When the starting shot rang out, the athletes surged forward. Jesse Owens dug his spikes deep into the racing track of Berlin’s Olympic Stadium — and the best sprinter of his day dominated the 100 meters race to win a gold medal at the 1936 Olympic Games. America’s black superstar took home a total of four gold medals. And each of his victories represented minor triumphs for two German brothers as well – Adolf (“Adi”) and Rudolf Dassler – the manufacturers of the sprinting shoes that carried the sprinter of the century from victory to victory.
Of course, success did not come as a total surprise. Herzogenaurach, the Dasslers’ home town in Bavaria, has a long tradition as a center for shoemaking. In 1922, for example, it boasted 112 shoemakers drawn from a population of 3,500. It was here, in 1924, that Adolf and Rudolf Dassler founded the “Dassler Brothers Shoe Factory” to specialize in athletic shoes. During the 1932 Olympic Games in Los Angeles, a German sprinter wearing Dassler spikes took the bronze medal. But it was the legendary shoes of Owens that established the Dasslers’ worldwide reputation and laid the foundation for two exceptional careers. After the war, Adi and Rudolf went their separate ways. Each would build up one of West Germany’s showpiece sports companies — one Adidas, the other Puma.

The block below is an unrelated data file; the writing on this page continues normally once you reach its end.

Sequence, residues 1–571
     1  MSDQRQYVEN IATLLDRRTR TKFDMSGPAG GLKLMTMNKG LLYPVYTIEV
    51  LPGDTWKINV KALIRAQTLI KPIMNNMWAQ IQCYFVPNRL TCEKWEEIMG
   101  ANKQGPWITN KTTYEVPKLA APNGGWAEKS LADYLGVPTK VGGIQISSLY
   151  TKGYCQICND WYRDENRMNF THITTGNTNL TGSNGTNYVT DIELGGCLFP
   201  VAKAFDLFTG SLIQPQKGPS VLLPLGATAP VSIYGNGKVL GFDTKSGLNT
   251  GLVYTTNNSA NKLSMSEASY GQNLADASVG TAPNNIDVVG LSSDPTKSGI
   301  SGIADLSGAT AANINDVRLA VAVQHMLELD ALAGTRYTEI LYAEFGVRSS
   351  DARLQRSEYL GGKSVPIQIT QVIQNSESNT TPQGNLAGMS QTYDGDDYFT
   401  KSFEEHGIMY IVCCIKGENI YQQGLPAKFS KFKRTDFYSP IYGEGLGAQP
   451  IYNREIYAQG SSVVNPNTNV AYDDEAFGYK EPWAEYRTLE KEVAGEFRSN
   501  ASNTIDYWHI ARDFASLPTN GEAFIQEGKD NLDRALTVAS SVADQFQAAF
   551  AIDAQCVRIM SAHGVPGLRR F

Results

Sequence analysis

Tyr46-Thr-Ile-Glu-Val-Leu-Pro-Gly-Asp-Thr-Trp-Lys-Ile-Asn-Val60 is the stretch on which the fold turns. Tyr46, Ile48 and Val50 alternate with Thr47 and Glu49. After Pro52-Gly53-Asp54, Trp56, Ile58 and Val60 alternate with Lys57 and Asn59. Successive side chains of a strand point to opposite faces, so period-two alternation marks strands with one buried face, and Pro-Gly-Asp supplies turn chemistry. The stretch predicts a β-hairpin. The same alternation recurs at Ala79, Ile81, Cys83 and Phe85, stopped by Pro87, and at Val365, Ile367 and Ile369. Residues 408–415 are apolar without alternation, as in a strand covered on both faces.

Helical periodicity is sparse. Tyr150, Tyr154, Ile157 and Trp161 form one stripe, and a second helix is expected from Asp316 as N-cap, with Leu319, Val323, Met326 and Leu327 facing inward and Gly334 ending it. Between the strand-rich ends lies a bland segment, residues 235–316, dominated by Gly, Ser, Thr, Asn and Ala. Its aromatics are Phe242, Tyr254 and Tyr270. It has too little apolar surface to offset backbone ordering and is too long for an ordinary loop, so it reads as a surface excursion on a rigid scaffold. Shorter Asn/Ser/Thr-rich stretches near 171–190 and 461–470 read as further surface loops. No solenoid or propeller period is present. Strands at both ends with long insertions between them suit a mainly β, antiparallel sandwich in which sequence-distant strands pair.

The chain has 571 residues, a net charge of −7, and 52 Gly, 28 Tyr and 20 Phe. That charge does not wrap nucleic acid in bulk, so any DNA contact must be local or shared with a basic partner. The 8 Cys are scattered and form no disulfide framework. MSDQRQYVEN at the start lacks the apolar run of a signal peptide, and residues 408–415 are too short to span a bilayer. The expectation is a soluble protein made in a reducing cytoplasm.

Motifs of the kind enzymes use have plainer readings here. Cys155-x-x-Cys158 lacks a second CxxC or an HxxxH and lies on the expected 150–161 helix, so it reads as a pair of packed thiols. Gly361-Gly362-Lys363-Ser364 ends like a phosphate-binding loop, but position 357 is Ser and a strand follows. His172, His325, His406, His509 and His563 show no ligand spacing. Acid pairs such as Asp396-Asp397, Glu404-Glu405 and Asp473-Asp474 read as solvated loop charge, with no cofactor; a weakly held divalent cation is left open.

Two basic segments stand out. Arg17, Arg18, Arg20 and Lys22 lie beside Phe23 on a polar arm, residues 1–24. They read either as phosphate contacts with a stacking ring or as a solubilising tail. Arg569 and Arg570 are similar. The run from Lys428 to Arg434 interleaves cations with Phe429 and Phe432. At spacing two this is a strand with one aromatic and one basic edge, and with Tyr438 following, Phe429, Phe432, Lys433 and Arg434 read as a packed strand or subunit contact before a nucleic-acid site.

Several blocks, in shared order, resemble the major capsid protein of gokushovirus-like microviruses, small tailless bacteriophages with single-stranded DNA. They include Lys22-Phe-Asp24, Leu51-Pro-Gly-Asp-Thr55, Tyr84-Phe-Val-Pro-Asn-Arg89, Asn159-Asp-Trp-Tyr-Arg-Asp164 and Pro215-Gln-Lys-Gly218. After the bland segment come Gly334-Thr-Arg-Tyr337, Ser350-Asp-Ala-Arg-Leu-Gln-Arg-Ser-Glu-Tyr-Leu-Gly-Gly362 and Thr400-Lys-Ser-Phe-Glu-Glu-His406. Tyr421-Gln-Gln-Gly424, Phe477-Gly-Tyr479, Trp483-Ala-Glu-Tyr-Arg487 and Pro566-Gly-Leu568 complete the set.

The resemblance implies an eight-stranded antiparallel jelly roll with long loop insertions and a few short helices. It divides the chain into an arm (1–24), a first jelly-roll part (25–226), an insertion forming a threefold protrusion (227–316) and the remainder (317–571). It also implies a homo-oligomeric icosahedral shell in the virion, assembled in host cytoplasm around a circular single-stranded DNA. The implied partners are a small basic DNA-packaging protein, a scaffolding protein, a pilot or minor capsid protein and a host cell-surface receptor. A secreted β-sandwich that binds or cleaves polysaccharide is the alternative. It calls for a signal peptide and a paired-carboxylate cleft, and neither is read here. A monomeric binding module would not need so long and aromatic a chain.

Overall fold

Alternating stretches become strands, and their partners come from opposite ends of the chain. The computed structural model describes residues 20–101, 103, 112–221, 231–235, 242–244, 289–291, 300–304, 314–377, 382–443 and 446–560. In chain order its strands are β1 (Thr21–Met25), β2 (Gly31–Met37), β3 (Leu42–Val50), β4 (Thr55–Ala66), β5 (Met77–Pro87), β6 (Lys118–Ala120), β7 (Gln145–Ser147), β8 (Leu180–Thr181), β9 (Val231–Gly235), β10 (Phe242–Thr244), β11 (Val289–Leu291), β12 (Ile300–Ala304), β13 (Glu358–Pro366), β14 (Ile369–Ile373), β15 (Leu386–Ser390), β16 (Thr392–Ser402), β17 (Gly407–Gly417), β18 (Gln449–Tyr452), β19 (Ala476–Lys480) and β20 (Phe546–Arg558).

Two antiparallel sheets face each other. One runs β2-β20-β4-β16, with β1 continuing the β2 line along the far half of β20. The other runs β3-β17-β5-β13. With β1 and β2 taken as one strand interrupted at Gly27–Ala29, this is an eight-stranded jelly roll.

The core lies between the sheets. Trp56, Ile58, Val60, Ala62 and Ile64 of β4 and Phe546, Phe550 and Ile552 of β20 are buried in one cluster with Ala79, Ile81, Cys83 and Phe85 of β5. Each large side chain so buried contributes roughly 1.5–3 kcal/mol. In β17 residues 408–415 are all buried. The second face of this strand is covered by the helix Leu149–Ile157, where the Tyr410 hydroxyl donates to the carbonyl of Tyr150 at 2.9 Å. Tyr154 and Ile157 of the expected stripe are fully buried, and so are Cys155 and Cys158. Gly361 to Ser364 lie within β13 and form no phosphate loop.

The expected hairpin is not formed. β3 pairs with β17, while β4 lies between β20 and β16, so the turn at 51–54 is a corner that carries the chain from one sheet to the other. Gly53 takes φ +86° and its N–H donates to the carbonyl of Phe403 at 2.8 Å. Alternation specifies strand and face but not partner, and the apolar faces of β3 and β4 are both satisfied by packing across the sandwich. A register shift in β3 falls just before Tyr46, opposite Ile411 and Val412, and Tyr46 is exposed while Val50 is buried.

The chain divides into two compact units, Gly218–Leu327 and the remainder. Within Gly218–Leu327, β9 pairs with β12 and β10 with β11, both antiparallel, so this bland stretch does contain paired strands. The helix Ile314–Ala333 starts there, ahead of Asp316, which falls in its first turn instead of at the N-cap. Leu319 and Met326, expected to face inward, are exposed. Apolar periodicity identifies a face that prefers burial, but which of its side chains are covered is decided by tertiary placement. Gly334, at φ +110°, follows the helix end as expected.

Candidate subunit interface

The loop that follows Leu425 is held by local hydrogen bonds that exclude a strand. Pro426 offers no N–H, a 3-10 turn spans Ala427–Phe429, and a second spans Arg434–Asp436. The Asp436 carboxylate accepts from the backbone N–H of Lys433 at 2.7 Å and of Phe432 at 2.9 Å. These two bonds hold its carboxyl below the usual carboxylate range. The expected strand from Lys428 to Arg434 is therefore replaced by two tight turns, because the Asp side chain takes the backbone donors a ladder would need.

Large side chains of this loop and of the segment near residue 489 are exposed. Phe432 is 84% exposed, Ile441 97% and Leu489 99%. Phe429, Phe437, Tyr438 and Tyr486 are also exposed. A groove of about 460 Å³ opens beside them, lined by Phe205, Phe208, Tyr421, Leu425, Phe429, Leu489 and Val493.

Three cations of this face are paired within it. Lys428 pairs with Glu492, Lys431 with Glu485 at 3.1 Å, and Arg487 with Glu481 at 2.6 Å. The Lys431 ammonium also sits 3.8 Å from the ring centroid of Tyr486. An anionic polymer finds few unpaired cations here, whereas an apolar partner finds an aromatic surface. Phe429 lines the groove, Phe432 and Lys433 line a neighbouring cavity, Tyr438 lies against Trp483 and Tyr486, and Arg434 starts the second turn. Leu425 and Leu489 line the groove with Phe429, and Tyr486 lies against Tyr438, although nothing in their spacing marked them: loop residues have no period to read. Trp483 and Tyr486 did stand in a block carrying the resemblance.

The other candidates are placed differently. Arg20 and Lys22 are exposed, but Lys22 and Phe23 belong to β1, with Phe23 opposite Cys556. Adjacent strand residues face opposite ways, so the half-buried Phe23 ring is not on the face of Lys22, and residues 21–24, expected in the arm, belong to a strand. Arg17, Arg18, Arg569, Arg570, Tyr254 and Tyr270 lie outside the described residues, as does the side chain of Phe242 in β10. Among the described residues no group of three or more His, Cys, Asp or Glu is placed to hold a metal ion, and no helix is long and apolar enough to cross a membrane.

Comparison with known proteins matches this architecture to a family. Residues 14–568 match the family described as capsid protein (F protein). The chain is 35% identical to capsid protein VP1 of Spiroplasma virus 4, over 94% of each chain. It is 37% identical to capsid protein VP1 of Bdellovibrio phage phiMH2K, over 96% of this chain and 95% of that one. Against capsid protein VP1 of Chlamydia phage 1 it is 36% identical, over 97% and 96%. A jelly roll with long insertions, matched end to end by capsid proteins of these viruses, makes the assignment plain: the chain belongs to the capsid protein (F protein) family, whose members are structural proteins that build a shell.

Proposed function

But the history of the Dasslers – who both joined the Nazi Party in 1933 – wouldn’t be complete without one chapter from World War II: In 1944, there was suddenly a spike in the number of Allied tanks being blown apart by German fire. The culprit was the latest anti-tank rocket launcher, nicknamed the “Panzerschreck” (“Tank Terror”). This extremely effective weapon petrified Allied tank crews — and it was manufactured in the same factory that had developed Owens’ shoes only eight years earlier.
Welding Replaces Stitching
This little-known excursion into the war industry by the two famous shoemakers was hardly an isolated case. Hitler’s regime used many small and medium-sized companies to produce military equipment and armaments. “For the ‘total war’ proclaimed by Goebbels in early 1943, the Nazis needed a total war economy,” explains Lutz Budrass, a business historian at the University of Bochum.
Similar things were happening all across the country — and German industry increasingly resembled one big military machine. The Hugo Boss textile factory, for example, in the southern German town of Metzingen, was also a military supplier. Beginning in late 1944, instead of suits and leather jackets, workers on the production floors of the future fashion czar were making ball bearings. Germany’s flagship airline Lufthansa manufactured radar equipment for the Luftwaffe, Germany’s air force, and furniture companies made parts for fighter jets like the Heinkel He 162, one of the first military jets in the world. Given the scarcity of metal, the jet was primarily made of wood.